Terentilius agitated for a formal code of laws in the early days of the Roman Republic. He took advantage of the fact that the consuls were away on a campaign against the Volsci to pressure the Roman Senate, controlled by patricians, for the code.
The patricians made a show of making peace with Terentilius, but in fact had no intention of codifying the laws at his request. The later Florentine writer Niccolò Machiavelli commented that this was similar to the Florentine 'Ten of War' that was eventually reinstated once the people realized it was the excessive abuse of authority that was despised, not the title or function of the office itself.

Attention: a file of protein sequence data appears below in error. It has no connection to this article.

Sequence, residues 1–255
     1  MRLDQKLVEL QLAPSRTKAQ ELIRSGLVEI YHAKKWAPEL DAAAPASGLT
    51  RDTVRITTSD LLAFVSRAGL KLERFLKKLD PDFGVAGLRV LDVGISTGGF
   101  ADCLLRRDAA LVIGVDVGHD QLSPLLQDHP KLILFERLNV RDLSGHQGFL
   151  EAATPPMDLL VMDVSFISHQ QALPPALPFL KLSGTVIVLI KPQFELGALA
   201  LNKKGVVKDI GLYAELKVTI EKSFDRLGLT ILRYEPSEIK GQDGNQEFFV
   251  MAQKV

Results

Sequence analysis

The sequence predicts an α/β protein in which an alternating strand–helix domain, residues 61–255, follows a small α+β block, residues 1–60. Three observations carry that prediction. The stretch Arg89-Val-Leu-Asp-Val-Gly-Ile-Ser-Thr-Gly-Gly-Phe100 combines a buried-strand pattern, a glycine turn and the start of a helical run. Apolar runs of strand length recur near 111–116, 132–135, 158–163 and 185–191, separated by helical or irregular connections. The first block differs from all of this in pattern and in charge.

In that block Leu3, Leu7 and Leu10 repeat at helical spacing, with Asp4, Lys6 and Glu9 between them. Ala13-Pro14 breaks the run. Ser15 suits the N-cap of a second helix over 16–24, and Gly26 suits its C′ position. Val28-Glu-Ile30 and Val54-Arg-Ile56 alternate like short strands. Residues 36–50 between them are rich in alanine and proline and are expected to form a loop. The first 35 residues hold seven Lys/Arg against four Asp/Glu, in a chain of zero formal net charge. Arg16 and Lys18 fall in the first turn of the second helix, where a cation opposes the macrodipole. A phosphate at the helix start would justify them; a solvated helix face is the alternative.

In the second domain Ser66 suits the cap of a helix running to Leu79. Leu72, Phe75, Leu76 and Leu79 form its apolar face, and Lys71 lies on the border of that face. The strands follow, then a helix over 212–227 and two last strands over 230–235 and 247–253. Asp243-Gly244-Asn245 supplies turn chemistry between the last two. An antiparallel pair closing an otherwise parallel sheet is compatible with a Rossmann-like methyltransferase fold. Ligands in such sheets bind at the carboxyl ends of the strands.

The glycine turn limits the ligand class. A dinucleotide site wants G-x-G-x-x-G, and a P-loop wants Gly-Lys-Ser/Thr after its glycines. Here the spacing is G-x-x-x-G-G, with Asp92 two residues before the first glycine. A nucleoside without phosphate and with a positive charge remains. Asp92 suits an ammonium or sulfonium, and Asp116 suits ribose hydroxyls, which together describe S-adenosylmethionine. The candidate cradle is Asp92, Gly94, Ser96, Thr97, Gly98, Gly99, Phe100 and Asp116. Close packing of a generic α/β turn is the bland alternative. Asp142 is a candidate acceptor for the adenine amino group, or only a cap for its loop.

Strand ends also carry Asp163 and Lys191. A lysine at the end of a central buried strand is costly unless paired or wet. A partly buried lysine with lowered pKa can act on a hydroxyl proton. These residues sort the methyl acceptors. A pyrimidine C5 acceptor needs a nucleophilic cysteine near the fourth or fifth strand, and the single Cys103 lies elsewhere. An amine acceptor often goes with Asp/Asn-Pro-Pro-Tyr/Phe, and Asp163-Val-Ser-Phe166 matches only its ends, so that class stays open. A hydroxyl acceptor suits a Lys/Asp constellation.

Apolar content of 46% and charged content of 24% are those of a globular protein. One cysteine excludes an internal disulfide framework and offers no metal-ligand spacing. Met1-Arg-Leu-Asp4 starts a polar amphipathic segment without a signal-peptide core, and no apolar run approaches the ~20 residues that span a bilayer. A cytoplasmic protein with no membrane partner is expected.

- The name was also formerly spelled Caius Terentilius Harsa. His name also appears as Terentius in Dionysius.
- Machiavelli, Niccolo (1531). The Discourses. Translated by Leslie J. Walker, S.J, revisions by Brian Richardson (2003). London: Penguin Books. ISBN 0-14-044428-9
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